Antares rocket launches new astronaut toilet and more to space station for NASA

rod

Oct 22, 2019
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I watched this rocket launch last night from about 80 miles away from an overlook area near me. I used 10x50 binoculars and smartphone device to monitor the Wallops Island site online. It only took a second or so after liftoff before I could see that rocket blasting up! I was able to track for six minutes or so, more than 130 miles down range from the launch site before disappearing from view, low near the horizon. With the binoculars, I could see first stage booster turnoff, and then shortly after second stage light up. The rocket climbed up high and then moved out over the Atlantic, finally disappearing from view because of the very large, round Earth as it traveled across the curvature away from me, continuing to climb up to orbital altitude :) When I came back to my place, some enjoyable telescope time viewing the Moon and Mars. Mars was a great sight last night at 180x and at lower power (31x), the lunar limb with Aristarchus crater area and small, planetary disk shape of Mars visible in the eyepiece. Very cool and would make a great photo. Mars about 155x farther away than the Moon when I viewed. Mars, even at 40x using filters showed some surface detail.
 
Apr 7, 2020
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I watched this rocket launch last night from about 80 miles away from an overlook area near me. I used 10x50 binoculars and smartphone device to monitor the Wallops Island site online. It only took a second or so after liftoff before I could see that rocket blasting up! I was able to track for six minutes or so, more than 130 miles down range from the launch site before disappearing from view, low near the horizon. With the binoculars, I could see first stage booster turnoff, and then shortly after second stage light up. The rocket climbed up high and then moved out over the Atlantic, finally disappearing from view because of the very large, round Earth as it traveled across the curvature away from me, continuing to climb up to orbital altitude :) When I came back to my place, some enjoyable telescope time viewing the Moon and Mars. Mars was a great sight last night at 180x and at lower power (31x), the lunar limb with Aristarchus crater area and small, planetary disk shape of Mars visible in the eyepiece. Very cool and would make a great photo. Mars about 155x farther away than the Moon when I viewed. Mars, even at 40x using filters showed some surface detail.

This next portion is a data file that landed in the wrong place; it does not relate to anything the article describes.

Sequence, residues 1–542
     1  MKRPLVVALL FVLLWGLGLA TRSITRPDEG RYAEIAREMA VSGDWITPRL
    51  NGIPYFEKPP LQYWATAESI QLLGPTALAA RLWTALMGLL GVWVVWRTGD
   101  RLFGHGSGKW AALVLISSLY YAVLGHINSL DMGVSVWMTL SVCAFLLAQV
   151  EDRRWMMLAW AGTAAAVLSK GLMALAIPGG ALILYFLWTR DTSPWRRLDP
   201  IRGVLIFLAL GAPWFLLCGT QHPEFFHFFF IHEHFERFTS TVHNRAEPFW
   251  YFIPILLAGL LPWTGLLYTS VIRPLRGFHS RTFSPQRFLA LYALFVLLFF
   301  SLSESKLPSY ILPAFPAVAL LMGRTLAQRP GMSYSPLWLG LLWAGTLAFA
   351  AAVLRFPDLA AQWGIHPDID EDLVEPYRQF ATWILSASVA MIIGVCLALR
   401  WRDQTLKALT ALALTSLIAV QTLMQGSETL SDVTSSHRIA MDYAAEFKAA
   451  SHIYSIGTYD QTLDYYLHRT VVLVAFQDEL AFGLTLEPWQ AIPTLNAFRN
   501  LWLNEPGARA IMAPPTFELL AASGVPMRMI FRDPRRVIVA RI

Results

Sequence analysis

Hi Rod!
Curious, were you able to hear it at all?

Eric
 
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rod

Oct 22, 2019
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Eric, no I did not hear the rocket. It would take about 6 minutes or so for the sound waves to reach me from where I was observing. The smart device audio was turned up as we listened to the Wallops Ustream link and some were talking too (I was not alone). I can say now, I am perhaps one of a smaller group who observed a new toilet launched into space by NASA :) I have witnessed other rocket launches from Wallops Island at the overlook area. In the past when it was quite, my son did hear some low sound rumbling in the distant (I may have too), some minutes after launch. When Wallops Ustream called the rocket passing max q and then passing 100,000 feet, that was quite a show from 80+ miles distance and with the binoculars, still seeing the rocket some 130 miles or more down range over the Atlantic ocean, 6 minutes or so later after liftoff. Remember, I was watching a toilet get launched into space :) Enjoy---Rod
 
Apr 7, 2020
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Rod, I envy you! Living near Wallops must be a blast!
I was curious because sound waves can carry quite far and unpredictably. During the Mt. St. Helens eruption some people who were right on top of the eruption (just a few miles away) heard nothing but people hundreds of miles away heard it.
BTW The Mars-Moon conjunction was beautiful.
 

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